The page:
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Meet Liam Soulière, Penn State hockey's goaltender of the future

Goaltender Liam Soulière and his Brockville Braves were caught in an intense, early season game when their coach Jesse Winchester was first struck by Souliere’s brilliance.

A matchup with the Ottawa Junior Senators was the Braves’ third game in three days to open the season, and Winchester said his team was still figuring itself out defensively, while dealing with the fatigue that comes along with a demanding schedule.

But Soulière, a Penn State commit, made sure none of that mattered. He compiled 21 saves on 22 shots, leading the Braves to a 3-1 victory.

“He was lights-out to be honest with you,” Winchester said. “It was a hard fought game, a playoff-like atmosphere three games in. So you know there's a lot of chances given up both ways just because of the intensity and then the other side of it, the team not being super structured yet. At the back end of three games in three days he was brilliant.”


Penn State goalie commit Liam Souliere.
Penn State goalie commit Liam Souliere. (Photo courtesy of Liam Souliere.)


It would seem that brilliance has almost become routine for Soulière who leads the Central Canada Hockey League with his .936 save percentage and 1.97 goals against average.

The Braves are 19-3-1 with Souliere in net.

“I think my work ethic is a big part of my game, and that I'm extremely competitive,” Soulière said in a recent interview with BWI. “I definitely play the puck very well. I think my tracking is really good. All in all, I just try and work as hard as I can every time I step on the ice to make a difference.”

Winchester, a former NHL forward, raved about the mental aspect of Soulière's game.

“I think he prepares like a professional hockey player,” Winchester said. “I say that because of my own experience there. I love his demeanor around the rink. He's always looking to get better, and he's devoted to maximizing his potential.”

You won’t find many junior hockey goaltenders with that quality. Combine Soulière's traits with his gaudy numbers, and it certainly looks like the Nittany Lions have a stud on their hands for the future.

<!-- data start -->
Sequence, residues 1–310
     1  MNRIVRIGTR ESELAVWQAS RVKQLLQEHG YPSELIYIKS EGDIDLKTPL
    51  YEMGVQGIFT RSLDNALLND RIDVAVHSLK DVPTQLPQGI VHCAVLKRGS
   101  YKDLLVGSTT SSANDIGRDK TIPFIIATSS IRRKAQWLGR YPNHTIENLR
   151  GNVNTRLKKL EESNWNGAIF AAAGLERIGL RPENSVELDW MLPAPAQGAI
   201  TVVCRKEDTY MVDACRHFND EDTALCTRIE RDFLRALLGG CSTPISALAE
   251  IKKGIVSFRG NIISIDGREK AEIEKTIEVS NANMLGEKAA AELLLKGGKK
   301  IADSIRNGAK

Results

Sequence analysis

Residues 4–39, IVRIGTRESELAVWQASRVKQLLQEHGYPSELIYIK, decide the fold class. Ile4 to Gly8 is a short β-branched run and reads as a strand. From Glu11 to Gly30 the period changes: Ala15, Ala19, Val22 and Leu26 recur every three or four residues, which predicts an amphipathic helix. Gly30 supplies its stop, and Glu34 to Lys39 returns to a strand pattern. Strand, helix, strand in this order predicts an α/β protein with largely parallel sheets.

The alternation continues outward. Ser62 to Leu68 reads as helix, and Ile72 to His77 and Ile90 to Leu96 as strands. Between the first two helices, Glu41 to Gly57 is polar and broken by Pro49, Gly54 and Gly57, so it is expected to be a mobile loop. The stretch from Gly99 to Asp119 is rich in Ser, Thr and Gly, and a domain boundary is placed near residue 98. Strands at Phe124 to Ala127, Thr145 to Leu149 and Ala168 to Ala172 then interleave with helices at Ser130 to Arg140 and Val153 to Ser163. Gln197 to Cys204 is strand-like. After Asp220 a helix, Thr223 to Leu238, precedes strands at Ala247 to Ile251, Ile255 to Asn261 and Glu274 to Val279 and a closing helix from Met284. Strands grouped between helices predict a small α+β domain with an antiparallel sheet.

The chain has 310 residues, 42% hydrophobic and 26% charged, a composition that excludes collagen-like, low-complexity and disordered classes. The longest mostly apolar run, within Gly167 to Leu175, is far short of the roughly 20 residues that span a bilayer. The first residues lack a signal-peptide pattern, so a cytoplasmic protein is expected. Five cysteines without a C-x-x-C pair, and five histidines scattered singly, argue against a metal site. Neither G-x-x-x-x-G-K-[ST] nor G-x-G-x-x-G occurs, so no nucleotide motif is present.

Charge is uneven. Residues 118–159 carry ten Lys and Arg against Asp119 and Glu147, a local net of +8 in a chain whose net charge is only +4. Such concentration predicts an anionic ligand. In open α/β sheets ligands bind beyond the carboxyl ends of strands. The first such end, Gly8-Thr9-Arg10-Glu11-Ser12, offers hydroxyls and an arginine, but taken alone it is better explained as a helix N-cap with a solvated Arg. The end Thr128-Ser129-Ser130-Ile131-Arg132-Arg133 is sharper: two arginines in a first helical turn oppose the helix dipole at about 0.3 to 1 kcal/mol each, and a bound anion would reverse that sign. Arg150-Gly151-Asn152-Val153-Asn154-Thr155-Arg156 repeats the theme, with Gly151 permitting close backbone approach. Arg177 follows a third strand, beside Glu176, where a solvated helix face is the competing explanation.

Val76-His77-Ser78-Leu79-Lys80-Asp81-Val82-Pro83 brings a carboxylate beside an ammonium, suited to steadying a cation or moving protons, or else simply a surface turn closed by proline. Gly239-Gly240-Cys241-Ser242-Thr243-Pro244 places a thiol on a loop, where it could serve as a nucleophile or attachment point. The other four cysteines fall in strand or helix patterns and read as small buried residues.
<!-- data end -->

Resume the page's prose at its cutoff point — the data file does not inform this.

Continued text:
But it isn’t easy to be a goaltender at Penn State.

While playing a Division I schedule, no Nittany Lion goaltender has posted a save percentage higher than Eamon McAdam’s .913 mark in 2015-16.

For reference, McAdam’s .913 mark would be 37th in the country this season in a division with 60 teams. Most of that is probably a product of the Nittany Lions’ offensive style.

So how will Soulière handle that?

For his part, Winchester had confidence in the 19-year-old netminder.

“What I know about Liam is that he'll make the save you need to win the game,” Winchester said. “He's able to find a way to deliver when a team needs him. He relishes that big stage. It depends on how long it takes him to get accustomed to the level, obviously… I think the coaching staff will eventually have faith in him, and I think he'll be a key part of their future success.”

A number of things drew Souliere to Happy Valley, after he was “blown away” when he visited in late October.

His teammate with the Braves, defenseman Simon Mack, is verbally committed to the Nittany Lions. Current Penn Stater Liam Folkes is a former Brave. And the winning helps too. Soulière said he didn’t want to attend college simply for the sake of attending college. He wants to go somewhere he can win.

Ultimately, Soulière is still chasing the NHL dream. He said he thinks Penn State can help him get there.

“It's something I've believed in ever since I started playing hockey, and I'm never going to stop believing in it, especially now. Going to a program like Penn State that is a great spot to try to take that leap,” Soulière said. “But I'm taking my time. I've got four years over there… I think that all the resources over there with the coaching staff, if I work hard and I try to put in the time, I can definitely try and make a run at the pros.”

The Big Ten competition shouldn’t be too much of shock for Soulière The CCHL is a respectable junior league, certainly, and Souliere recently played for team Canada East at the World Junior A Challenge, a competition for the best players worldwide in his age group.

He’ll likely compete with current Penn State freshman Oskar Autio for playing time. Nittany Lion starter Peyton Jones had opportunities to jump to the pros after last season according to Guy Gadowsky, so it’s unclear if he’ll return for his senior season with Chris Funkey set to graduate.

Whether he starts or not, Soulière will likely remain measured, based on his own description of his “chill” mentality.

He’ll fit right in with Penn State’s culture, too.

“I’m a big football guy,” he said. “So especially with the team there and everything, that’s going to be fun to experience.”